Canadians think Americans are loopy anyway. But if you really want to evoke eye-rolling and dark mutterings from our northern neighbors try saying this to a Canadian:
“I’m from Florida and I’m here for the snow.”
In December. In Ottawa.
And we’re not talking about skiing. I ski. I fall down. I break something. That way lies disaster.
No, I just love the snow. I like to walk in it. To savor its fresh, sharp scent and biting touch. It’s a walk on the wild side. I’m a stranger in a strange land.
Once my backpacking group, the Shining Rock Orienteering Society (AKA Old Florida Guys In Hot Pursuit Of Their Lost Youth) were hiking in snowy Rocky Mountain National Park. People kept looking at us funny because my fellow Orienteer, Louis Kalivoda, was wearing shorts. It’s just Florida Man folks, nothing to be alarmed about.
It is true that I have lived in Florida for more than 60 years. But the first seven years of my life was spent in Pennsylvania. And I still have memories of waking up on winter mornings and discovering that the world outside had turned white and magical.
Listen, to this day I can’t watch “Christmas Story” without tearing up.
The best day I ever spent in New York City happened because there was a blizzard and my flight home got canceled. I went for a long walk through Central Park in a driving snowfall (listening to Sinatra on a Walkman) and had the time of my life. I had lunch at Tavern On The Green and later went to the Algonquin Hotel for scotch. Move over Dorothy Parker.
So here I am at the age of 72, and a confirmed denizen of the Sunshine State. But there is nothing for it. Every now and then I’ve simply got to go looking for snow. Which is why Canadians find me such an odd duck. But there it is.
I’m a bizarre example of rare reverse tourism. The Air Canada plane headed north had quite a few empty seats. On the return trip to Orlando (aka Land Of The Mouse) it was full up.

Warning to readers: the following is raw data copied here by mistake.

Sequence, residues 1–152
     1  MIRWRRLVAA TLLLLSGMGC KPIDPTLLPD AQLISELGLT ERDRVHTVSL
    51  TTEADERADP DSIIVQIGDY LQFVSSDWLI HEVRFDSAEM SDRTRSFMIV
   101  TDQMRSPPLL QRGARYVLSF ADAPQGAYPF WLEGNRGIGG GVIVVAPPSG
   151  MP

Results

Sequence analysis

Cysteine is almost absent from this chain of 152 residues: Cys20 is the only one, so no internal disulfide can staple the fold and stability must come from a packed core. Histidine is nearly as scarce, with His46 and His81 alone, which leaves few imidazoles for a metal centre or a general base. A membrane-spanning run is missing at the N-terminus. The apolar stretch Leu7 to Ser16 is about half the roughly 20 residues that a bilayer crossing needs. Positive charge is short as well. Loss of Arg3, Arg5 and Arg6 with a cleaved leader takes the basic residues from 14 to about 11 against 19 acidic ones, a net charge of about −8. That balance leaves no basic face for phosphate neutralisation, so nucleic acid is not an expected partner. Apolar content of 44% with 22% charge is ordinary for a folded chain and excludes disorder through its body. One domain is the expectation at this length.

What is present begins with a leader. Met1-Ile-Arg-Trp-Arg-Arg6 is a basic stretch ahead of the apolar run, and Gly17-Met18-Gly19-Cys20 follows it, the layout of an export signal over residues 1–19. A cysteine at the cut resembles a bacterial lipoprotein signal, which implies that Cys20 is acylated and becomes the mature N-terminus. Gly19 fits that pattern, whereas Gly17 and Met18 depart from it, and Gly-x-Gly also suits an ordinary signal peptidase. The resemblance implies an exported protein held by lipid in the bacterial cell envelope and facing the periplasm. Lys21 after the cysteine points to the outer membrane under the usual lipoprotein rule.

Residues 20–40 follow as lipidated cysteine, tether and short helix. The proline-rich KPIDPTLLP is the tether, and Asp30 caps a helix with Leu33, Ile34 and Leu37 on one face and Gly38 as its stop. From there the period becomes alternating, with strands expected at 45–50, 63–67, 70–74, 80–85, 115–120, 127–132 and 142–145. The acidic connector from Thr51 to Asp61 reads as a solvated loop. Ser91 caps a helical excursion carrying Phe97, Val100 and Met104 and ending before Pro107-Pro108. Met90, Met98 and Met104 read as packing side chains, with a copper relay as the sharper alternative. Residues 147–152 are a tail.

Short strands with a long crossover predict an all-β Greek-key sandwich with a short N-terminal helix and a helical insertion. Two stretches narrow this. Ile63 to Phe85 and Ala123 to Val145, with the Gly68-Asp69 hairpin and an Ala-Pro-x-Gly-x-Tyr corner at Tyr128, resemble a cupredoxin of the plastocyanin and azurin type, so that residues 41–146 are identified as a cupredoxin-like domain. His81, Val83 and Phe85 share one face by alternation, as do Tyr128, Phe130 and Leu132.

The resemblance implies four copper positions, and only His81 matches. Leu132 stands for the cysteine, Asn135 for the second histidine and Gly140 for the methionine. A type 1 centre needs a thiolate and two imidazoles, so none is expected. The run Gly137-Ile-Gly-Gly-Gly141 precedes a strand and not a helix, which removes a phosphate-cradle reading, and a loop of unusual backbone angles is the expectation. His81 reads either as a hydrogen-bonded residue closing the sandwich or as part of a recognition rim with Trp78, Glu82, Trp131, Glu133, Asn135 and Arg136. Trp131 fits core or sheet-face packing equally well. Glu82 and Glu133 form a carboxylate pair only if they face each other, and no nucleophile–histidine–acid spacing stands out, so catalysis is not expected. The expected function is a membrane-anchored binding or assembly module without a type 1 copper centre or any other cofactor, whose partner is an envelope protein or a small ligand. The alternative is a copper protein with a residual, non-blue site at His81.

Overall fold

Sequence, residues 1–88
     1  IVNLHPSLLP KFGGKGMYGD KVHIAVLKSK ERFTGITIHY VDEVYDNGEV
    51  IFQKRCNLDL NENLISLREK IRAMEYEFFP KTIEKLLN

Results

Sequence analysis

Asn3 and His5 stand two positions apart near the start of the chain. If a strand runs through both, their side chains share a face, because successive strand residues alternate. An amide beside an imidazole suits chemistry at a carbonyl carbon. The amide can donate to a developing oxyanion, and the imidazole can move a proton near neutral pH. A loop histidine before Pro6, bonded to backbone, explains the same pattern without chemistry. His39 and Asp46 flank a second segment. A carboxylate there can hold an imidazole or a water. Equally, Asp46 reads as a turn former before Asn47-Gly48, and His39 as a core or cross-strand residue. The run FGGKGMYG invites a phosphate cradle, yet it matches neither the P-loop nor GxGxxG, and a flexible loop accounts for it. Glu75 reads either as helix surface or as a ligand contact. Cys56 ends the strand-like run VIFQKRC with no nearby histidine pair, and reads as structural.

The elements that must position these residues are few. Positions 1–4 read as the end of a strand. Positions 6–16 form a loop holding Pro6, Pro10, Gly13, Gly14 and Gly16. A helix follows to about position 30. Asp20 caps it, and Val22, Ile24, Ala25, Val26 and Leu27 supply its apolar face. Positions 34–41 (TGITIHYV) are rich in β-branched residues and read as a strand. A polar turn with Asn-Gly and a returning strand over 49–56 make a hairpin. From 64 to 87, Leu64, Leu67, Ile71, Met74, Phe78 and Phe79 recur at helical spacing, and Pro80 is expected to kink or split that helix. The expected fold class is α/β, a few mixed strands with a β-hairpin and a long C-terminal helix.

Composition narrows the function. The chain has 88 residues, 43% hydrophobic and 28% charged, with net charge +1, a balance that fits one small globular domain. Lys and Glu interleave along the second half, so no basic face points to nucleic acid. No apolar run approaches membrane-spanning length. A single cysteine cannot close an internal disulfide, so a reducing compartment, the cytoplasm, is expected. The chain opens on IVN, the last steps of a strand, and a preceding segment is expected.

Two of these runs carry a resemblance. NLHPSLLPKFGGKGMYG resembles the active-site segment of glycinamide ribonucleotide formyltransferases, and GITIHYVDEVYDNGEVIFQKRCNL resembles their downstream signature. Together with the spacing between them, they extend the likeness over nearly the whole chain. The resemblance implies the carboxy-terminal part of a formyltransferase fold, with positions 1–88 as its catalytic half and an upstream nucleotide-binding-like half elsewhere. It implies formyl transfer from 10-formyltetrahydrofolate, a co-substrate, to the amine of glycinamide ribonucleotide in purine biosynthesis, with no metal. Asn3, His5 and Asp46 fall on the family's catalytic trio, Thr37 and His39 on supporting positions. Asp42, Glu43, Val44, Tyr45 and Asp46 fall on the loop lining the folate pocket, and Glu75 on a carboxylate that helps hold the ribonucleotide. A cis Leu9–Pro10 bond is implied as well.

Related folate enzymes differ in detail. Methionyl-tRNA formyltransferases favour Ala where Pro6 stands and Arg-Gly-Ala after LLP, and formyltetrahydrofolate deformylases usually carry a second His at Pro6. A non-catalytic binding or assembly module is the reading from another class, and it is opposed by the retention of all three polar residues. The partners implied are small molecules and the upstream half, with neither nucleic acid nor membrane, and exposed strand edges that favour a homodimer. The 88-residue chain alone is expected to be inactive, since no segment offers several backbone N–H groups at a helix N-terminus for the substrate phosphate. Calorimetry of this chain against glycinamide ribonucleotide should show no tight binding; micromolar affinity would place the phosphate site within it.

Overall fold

Ottawa is one of my favorite cities. I have ridden bicycles there and walked for miles around Parliament Hill and along the Ottawa River. But always in the summer or fall. This time we arrived just in time to take in the Christmas Lights Up Canada festival in Confederation Park. They handed us lighted candles and we walked in a snowfall among gaily lighted trees and sculptures.
The next day I walked along the celebrated Rideau Canal locks. The last time I was here it was crawling with tourists and boaters who were patiently waiting out the long lift up or down. Now I had the place to myself.
Strolling along the Ottawa River was a bleak experience…all whites and browns and grays. Then I came upon a spot where someone had left flowers next to a small plaque of an angelic figure and another that said “Peace And Grace.” I know there’s a story there.
Had tea with the suffragettes near Parliament. Still waiting patiently for Hell to freeze over.
The last time I visited Maj. Hill’s Park we laid down in the soft green grass and took in the sunshine. Things change.
And the snow leaves room for interpretation.
The mutant spider at the National Gallery was still assaulting that cathedral across the street. But it seemed to be moving more sluggishly.
We had taken a cabin on Otty Lake for the month of July. This time we had to hike in because the road was blocked.
In nearby Perth is Steward Park. When last we saw it, kids were swimming in the Tay River. Now not so much.
And downtown Perth has certainly changed.
Although we did meet a woman who was shoveling snow off the sidewalk and told us “It’s very mild today.” I love that sort of optimism.
I’m only saying that if you decide to cross that bridge, the snow presents new and infinite possibilities.
So don’t be a grump. Enjoy the moment. Just be sure to dress appropriately.
It’s a wonderful life. Get out in it. And leave footprints.
I’m a Floridian but I love the snow. So sue me, Canada.
Plus, I’m not the only one.
“I wonder if the snow loves the trees and fields, that it kisses them so gently? And then it covers them up snug, you know, with a white quilt; and perhaps it says, ‘Go to sleep, darlings, till the summer comes again.’” Lewis Carroll.
“A cold wind was blowing from the north, and it made the trees rustle like living things.”
“The snow doesn’t give a soft white damn whom it touches.”
“With luck, it might even snow for us.”
“Well, I know now. I know a little more how much a simple thing like a snowfall can mean to a person”
“The snow began to fall again, drifting against the windows, politely begging entrance and then falling with disappointment to the ground”
“I love snow for the same reason I love Christmas: It brings people together while time stands still.
“To want to understand is an attempt to recapture something we have lost.”